Bush Theatre, London W12
Opened 15 March, 2010

Excellence in plotting, characterisation, performance and presentation are all instrumental in delivering a superlative theatre experience; however, one of my greatest pleasures is when a show deftly delivers a sucker punch which makes laughter die in one’s throat.

The first half of Penelope Skinner’s 90-minute play is efficiently comic, but the four characters could have been written 25 years ago: the glib, deceitful yuppie, the strident feminist, the fat no-hoper and the ditsy blonde. The plot: yuppie no sooner beds blonde than is bored, sets about seducing virago by pretending ideological conversion, and the fat bloke is there for symmetry. Polly Findlay’s production is full of easy laughter, and I found myself feeling that some radical shift was needed to justify the evening, yet without believing that one would be forthcoming.

I was wrong. The moment that seals Mark’s conquest of Cassie turns on its head not only all the preceding glib humour, but also our own complicity therein. At this and other crucial moments, Matthew Pitman’s lighting grows harsher and brighter, illuminating the audience as well as the actors. After Cassie’s ranting-by-numbers about sexual power imbalances, we are forced into the selfsame objectifying gaze she has condemned... and, since the space is arranged in traverse, we gaze not only on the characters but also on each other, just as we ourselves are gazed upon. Even this moment is topped a little later when the hitherto insufferably twee Rose makes the ultimate protest against the voyeuristic gaze. The play’s title means the colour the eye sees in total darkness, once again emphasising that what we perceive may not be what is actually there.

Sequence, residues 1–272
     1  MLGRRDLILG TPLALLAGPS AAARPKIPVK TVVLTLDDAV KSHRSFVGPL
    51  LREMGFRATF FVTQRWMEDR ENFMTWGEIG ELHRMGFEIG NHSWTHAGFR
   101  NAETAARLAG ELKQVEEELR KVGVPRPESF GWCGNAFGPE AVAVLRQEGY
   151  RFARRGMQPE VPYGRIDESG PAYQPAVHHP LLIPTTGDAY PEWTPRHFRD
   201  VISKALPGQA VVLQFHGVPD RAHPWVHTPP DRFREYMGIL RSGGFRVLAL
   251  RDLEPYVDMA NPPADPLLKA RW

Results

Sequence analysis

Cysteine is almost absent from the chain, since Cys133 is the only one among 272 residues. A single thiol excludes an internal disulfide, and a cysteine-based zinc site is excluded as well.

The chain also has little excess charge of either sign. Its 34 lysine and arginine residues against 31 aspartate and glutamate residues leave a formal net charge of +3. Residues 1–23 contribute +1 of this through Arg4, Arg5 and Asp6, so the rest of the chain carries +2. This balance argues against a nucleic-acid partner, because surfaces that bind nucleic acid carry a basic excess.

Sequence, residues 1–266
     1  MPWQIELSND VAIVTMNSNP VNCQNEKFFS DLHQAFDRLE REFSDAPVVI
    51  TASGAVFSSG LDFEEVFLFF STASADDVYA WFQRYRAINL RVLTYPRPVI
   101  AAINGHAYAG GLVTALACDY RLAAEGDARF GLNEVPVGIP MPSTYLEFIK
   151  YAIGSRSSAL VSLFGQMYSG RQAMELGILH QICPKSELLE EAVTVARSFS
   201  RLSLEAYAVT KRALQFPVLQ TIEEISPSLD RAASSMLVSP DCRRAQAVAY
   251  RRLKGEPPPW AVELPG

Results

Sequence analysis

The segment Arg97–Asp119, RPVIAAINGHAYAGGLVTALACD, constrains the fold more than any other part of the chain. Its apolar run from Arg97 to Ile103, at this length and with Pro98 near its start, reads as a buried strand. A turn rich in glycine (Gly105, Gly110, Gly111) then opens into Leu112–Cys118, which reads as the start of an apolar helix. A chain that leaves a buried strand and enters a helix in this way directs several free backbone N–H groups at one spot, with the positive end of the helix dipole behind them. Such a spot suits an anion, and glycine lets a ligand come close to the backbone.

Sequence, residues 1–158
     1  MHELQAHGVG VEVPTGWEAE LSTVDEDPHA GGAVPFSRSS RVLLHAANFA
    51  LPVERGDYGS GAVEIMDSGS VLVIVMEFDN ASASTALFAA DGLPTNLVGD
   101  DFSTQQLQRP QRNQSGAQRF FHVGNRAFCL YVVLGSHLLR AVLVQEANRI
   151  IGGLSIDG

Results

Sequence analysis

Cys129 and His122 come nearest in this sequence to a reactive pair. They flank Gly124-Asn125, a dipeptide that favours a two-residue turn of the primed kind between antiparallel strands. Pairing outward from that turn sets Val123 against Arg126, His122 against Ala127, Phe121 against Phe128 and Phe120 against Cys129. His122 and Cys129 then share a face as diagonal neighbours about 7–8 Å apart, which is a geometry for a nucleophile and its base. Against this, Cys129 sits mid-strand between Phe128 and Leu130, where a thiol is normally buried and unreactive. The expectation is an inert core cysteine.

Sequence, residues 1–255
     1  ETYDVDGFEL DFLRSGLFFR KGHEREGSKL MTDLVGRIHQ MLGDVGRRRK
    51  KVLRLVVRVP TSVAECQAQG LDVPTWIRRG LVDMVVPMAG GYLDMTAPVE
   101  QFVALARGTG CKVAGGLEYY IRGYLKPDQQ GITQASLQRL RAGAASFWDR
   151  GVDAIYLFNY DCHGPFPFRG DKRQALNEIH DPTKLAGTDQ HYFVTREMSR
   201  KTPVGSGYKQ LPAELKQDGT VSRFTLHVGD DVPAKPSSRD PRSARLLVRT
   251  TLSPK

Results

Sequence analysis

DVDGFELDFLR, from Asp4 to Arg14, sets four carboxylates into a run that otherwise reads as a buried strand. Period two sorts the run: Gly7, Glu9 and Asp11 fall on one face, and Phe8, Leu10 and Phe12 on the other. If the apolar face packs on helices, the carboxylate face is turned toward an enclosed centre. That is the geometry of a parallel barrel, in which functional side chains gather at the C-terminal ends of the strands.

Geoffrey Streatfeild judges his performance as Mark finely, beginning with broad patronisation but playing the more intimate moments so straight that we are never entirely sure there might not be some sincerity in the character, whilst Alison O’Donnell’s Cassie finds her entire identity thrown into jeopardy by his campaign. I confess I have sometimes found Sinead Matthews an irksomely mannered performer, so it is a relief to feel permitted to respond in this way to her portrayal of Rose. John Cummins as the absurdly named Tim Muffin gets little chance to compete with these three. Skinner still lets us off too easily, serving doses of humour up to the end, but the aftertaste of that masterly bait-and-switch lingers, acrid yet perversely welcome.

Written for the Financial Times.

Copyright © Ian Shuttleworth; all rights reserved.

Return to index of reviews for the year 2010

Return to master reviews index

Return to main theatre page

Return to Shutters homepage